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Shaping of melting and dissolving solids under natural convection

Published online by Cambridge University Press:  13 August 2020

Samuel S. Pegler
Affiliation:
School of Mathematics, University of Leeds, LeedsLS2 9JT, UK
Megan S. Davies Wykes
Affiliation:
Department of Engineering, University of Cambridge, CambridgeCB2 1PZ, UK
Corresponding
E-mail address:

Abstract

How quickly does an ice cube melt or a lump of sugar dissolve? We address the open problem of the shapes of solids left to melt or dissolve in an ambient fluid driven by stable natural convection. The theory forms a convective form of a Stefan problem in which the evolution is controlled by a two-way coupling between the shape of the body and stable convection along its surface. We develop a new model describing the evolution of such bodies in two-dimensional or axisymmetric geometries and analyse it using a combination of numerical and analytical methods. Different initial conditions are found to lead to different fundamental shapes and descent rates. For the cases of initially linear surfaces (wedges or cones), the model admits similarity solutions in which the tip descends from its initial position as $t^{4/5}$ , where t is time. It is determined that the evolving shape always forms a parabola sufficiently near the tip. For steeply inclined bodies, we establish a general two-tiered asymptotic structure comprising a broad $4/3$ -power intermediate near-tip region connected to a deeper parabolic region at the finest scale. The model results apply universally for any given relationship between density, viscosity, diffusivity and concentration, including two-component convection. New laboratory experiments involving the dissolution of cones of sugar candy in water are found to collapse systematically onto our theoretically predicted shapes and descent rates with no adjustable parameters.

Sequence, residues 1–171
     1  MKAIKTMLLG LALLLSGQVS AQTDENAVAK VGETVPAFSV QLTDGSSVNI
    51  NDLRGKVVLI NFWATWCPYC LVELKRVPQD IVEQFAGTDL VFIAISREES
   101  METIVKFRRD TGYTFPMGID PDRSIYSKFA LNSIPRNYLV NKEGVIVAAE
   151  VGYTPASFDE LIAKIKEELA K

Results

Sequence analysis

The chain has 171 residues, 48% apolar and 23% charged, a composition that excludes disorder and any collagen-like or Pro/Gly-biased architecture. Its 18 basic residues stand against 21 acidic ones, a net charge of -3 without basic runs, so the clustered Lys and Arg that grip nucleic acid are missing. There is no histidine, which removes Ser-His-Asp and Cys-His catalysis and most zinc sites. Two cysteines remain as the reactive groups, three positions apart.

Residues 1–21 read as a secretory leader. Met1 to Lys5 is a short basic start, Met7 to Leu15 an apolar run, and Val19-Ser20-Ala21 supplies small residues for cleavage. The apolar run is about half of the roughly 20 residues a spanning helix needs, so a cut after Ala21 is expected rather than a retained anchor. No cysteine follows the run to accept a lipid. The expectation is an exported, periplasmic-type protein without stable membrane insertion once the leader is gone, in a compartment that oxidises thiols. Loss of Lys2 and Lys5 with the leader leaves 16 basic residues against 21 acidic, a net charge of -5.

Type
JFM Papers
Copyright
© The Author(s), 2020. Published by Cambridge University Press

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Pegler and Davies Wykes supplementary movie 1

Real-time shadow graph of our experiment, illustrating the transition from laminar to turbulent flow.
Download Pegler and Davies Wykes supplementary movie 1(Video)
Video 6 MB

Pegler and Davies Wykes supplementary movie 2

The evolution of experiment A.
Download Pegler and Davies Wykes supplementary movie 2(Video)
Video 6 MB

Pegler and Davies Wykes supplementary movie 3

The evolution of experiment B.
Download Pegler and Davies Wykes supplementary movie 3(Video)
Video 3 MB

Pegler and Davies Wykes supplementary movie 4

The evolution of experiment C.
Download Pegler and Davies Wykes supplementary movie 4(Video)
Video 3 MB

Pegler and Davies Wykes supplementary movie 5

The evolution of experiment D.
Download Pegler and Davies Wykes supplementary movie 5(Video)
Video 2 MB
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